A Sand Dollar's Breakfast Is Totally Metal

Pristine white sand dollars have long been the souvenir to commemorate a successful day at the beach. But most people who pick them up don’t realize that they’ve collected the skeleton of an animal, washed up at the end of a long life.

As it turns out, scientists say there’s a lot to be said about a sand dollar’s life. That skeleton -- also known as a test -- is really a tool, a remarkable feat of engineering that allows sand dollars to thrive on the shifting bottom of the sandy seafloor, an environment that most other sea creatures find inhospitable.

“They've done something really amazing and different,” said Rich Mooi, a researcher with the California Academy of Sciences in San Francisco. “They’re a pile of novelties, and they’ve gone way off the deep end in modifying their bodies to adapt to where they live.”

Pacific sand dollars use the long spines around their edge and underside to crawl along sandy seafloors. (Josh Cassidy/KQED)

Mooi studies echinoderms, a word that roughly translates to “hedgehog skin.” It’s an aptly fitting name for a group that includes sea urchins, sand dollars, sea stars and sea cucumbers. But Mooi said sand dollars really have his heart, in part because of their incredible adaptations.

Sand dollars are actually a type of sea urchin, one that struck off on its own in an evolutionary pilgrimage to take advantage of a new environment.

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This connection is more obvious when looking at a common feature of the group: symmetry in multiples of five. Starfish have five arms, for example, while the test of a sea urchin is divided into 10 plates: five with tube feet and five with spines. Similarly, a sand dollar has five “petals” that house its specialized breathing tube feet.

The skeletons of sand dollars and their relatives, like starfish and sea urchins, show the five-point symmetry that they share. (Josh Cassidy/KQED)

Most sand dollars are solitary and small (up to 3 inches) and can be found along the world’s shorelines to as deep as 130 feet. Researchers are unsure how long they live, with typical estimates ranging from six to 10 years. But recent work on their sea urchin cousins, which traditionally were thought to have a similar life span, suggests they may be among the world’s oldest animals.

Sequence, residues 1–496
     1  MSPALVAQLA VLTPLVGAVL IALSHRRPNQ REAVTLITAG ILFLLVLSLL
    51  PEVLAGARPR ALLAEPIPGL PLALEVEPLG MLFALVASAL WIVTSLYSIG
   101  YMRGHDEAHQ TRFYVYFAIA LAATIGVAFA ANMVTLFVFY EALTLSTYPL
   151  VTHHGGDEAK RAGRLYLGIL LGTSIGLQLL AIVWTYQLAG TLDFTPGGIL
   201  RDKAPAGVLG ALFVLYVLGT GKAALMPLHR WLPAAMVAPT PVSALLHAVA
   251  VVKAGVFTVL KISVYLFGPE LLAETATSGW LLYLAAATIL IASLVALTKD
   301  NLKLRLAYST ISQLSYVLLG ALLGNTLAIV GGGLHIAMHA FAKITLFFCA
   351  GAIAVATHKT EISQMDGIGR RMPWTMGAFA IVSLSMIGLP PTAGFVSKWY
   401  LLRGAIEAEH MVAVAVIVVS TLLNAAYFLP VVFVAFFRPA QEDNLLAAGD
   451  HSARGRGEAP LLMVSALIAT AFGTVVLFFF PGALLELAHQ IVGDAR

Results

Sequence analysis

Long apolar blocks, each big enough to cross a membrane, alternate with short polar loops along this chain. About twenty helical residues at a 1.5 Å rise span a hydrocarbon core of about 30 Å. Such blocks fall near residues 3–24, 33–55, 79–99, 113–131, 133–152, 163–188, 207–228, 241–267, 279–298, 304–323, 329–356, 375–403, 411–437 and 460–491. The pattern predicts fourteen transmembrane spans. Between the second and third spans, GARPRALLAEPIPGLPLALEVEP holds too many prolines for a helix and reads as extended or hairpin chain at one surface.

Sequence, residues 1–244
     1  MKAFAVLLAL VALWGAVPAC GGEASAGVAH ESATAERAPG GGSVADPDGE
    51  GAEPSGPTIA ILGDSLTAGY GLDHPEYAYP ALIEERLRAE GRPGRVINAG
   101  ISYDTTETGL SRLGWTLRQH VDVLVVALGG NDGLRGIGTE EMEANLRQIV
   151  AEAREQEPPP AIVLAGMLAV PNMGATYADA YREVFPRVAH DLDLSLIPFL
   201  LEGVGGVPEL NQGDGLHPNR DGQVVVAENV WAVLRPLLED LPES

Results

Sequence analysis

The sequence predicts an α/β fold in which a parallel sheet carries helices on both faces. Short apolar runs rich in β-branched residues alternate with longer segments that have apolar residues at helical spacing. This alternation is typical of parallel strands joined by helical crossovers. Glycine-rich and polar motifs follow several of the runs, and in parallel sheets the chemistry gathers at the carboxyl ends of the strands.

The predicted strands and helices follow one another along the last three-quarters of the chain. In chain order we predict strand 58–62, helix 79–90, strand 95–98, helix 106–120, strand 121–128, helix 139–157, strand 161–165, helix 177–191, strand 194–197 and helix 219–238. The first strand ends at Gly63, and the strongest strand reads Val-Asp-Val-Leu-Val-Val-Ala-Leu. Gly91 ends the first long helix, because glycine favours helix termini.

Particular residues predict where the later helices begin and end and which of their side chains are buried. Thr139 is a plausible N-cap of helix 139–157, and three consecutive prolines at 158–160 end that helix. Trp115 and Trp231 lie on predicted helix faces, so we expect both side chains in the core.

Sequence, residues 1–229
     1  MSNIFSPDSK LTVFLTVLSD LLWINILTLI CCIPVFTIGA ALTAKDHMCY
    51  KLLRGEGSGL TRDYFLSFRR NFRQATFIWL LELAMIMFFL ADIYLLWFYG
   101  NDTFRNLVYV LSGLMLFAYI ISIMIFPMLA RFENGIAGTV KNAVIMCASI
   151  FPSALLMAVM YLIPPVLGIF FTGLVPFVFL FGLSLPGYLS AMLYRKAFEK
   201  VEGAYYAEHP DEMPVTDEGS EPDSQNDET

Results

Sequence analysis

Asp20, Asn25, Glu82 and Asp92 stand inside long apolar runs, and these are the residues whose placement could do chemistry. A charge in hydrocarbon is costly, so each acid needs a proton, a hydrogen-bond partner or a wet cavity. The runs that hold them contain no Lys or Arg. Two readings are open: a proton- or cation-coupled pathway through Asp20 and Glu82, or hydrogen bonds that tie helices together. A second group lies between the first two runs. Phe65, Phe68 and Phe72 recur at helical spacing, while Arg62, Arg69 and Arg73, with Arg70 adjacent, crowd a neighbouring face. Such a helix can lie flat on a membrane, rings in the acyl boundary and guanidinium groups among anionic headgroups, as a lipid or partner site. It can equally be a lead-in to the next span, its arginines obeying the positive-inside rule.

Shuffling slowly across the bottom on stiltlike spines, they pick up sand to pass along special feeding grooves, bucket-brigade style, to a mouth on the underside of the disk. The sand dollar's mouth has a jaw with five teethlike sections, which are the origin of the “doves” in the familiar postcard poem “The Legend of the Sand Dollar.” They use these teeth to grind up sand, but it’s really the coating of microscopic algae and bacteria on each grain that they’re after.

“Sand dollars are dealing with microscopic things, individual sand grains,” Mooi said. “So their whole body system is adapted to being able to handle small particles.”

When you picture a sea urchin, you might think of their long, pointy spines and their strong, suctioning tube feet. These are great tools for wedging into crevices and gripping rocks to avoid sudden waves.

Compared to most sea urchins, sand dollars appear flatter, with smaller spines (Josh Cassidy/KQED)

But on sand, where the very ground is in constant motion, the strategy is to minimize.

If you pick up any sand dollar and observe it edge-on, it looks like an airplane wing alive with a flurry of activity: tiny spines, tube feet and miniature pincers called pedicellariae that carry out various tasks.

Or perhaps, said Mooi, a bicycle.

“If you imagine yourself riding into the wind on a bicycle, you find yourself hunching over to get down out of the wind,” he said. “You’re trying to minimize drag. That's what sand dollars have done.”

And similar to a spoiler on a car, many species have specialized holes in their skeletons known as lunules, which help equalize pressure as water flows over them to greatly reduce lift.